PROTECTING SMALL BUSINESS, PROMOTING ENTREPRENEURSHIP

Pharmaceutical Investment and Innovation: Big business and small business advancing solutions, saving lives

By at 3 February, 2022, 11:07 am

SMALL BUSINESS INSIDER

by Raymond J. Keating –

The pharmaceutical and medicine manufacturing industry has the reputation for being all about large businesses. This mistaken view is widely pitched in political circles. However, while large firms, of course, are critical to the industry, and to the life-saving, life-enhancing treatments it produces – firms that grew as a result of producing new and improved drug treatments – it pays to keep in mind the entrepreneurial nature of the sector.

According to the latest data from the U.S. Census Bureau (for 2018), 47.6 percent of employer firms within the pharmaceutical and medicine manufacturing industry have fewer than 10 employees, 59.4 percent fewer than 20 employees, and 78.9 percent fewer than 100 workers.

This critical industry is very much a small business industry.

And it pays to keep in mind that each of today’s large pharmaceutical firms at one time were small startups. And because this industry was able to flourish, we’ve seen the incredible accomplishments relating to COVID-19 vaccines and treatments.

Fast-Track Innovation Can Be Fostered

As the Associated Press noted last month:

“Developed and rolled out at blistering speed, the vaccines have proved incredibly safe and highly effective at preventing deaths and hospitalizations. Unvaccinated people have a 14 times higher risk of dying compared to fully vaccinated people, the Centers for Disease Control and Prevention estimated based on available data from September.”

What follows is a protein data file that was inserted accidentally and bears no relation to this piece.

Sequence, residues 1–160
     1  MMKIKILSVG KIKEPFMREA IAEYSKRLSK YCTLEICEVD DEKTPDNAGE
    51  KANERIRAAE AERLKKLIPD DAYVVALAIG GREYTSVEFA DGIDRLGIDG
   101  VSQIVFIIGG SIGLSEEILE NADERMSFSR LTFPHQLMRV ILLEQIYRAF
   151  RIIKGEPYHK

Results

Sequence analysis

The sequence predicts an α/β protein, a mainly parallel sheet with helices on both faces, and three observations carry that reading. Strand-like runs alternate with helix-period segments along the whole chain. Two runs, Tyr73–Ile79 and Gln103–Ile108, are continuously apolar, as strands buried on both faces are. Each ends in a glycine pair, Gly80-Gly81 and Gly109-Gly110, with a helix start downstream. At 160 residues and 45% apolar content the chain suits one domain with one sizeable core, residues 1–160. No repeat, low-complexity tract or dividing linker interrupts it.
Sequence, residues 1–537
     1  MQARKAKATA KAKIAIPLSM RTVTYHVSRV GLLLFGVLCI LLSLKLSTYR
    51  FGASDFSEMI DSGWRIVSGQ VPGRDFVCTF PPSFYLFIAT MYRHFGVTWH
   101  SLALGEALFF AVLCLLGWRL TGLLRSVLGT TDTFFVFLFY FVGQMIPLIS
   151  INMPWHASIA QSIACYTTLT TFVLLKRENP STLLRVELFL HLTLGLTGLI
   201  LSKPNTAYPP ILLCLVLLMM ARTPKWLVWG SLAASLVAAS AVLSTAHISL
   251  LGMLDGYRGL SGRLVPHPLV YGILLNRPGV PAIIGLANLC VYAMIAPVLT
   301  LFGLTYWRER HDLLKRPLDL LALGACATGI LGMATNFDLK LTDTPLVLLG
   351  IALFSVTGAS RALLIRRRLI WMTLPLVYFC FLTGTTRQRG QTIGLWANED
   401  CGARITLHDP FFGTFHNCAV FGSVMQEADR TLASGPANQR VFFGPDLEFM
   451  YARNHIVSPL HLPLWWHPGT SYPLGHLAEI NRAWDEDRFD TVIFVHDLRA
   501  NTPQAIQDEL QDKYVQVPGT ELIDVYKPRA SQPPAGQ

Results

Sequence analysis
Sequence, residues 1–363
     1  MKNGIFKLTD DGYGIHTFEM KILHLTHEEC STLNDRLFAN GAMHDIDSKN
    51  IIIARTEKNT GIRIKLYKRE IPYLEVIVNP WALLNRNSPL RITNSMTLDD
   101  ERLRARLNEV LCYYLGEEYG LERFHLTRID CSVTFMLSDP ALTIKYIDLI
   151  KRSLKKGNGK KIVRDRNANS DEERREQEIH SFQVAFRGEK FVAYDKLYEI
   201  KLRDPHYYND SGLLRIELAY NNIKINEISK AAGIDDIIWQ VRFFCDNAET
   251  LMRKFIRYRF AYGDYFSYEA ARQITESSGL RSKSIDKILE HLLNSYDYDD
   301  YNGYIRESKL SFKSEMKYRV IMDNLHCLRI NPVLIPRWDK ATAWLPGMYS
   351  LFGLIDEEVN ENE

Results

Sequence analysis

Drug Innovations Saved Lives

As for lives saved, Nature.com reported:

“It is estimated that this astonishingly rapid development and deployment has saved at least 750,000 lives in the United States and Europe alone — and probably many more globally, although researchers are as yet unwilling to commit to a number. A study from the WHO and the European Centre for Disease Prevention and Control in Solna, Sweden, published last month estimated that 470,000 deaths had been averted across 33 European countries in those aged 60 and over alone. Another modelling study, which is yet to be peer reviewed, from epidemiologists at Yale University in New Haven, Connecticut, estimated that 279,000 lives had been saved by late June by the vaccination drive in the United States.”

Economic Pain Reduced

And as devastating as this pandemic has been for the economy, a new report from HeartlandForward found the following:

“The rapid development and deployment of vaccines during the COVID-19 pandemic lessened the impact of the virus on the economy, generating an estimated economic savings in the U.S. of $438 billion in terms of 2021 real GDP gain, or 2.3% of 2021 real GDP.”

The authors went on to explain:

“These savings, and the development of the vaccine itself, are possible because of the United States’ unique public-private partnership between government agencies, academia and the biopharmaceutical industry that supports innovations in disease therapy. Specifically, the biopharmaceutical industry was and continues to respond to the pandemic swiftly with new therapies because it has been allowed to commercialize other therapies in the past which then provides available capital for new research and development activities.”

Innovations Generate Savings in Other Areas, Extend Lives

Along these lines, a CBO report on prescription drug pricing makes two important points regarding what the pharmaceutical industry has accomplished over the years, and how, in part, that has been achieved. As for the accomplishment, it is clear: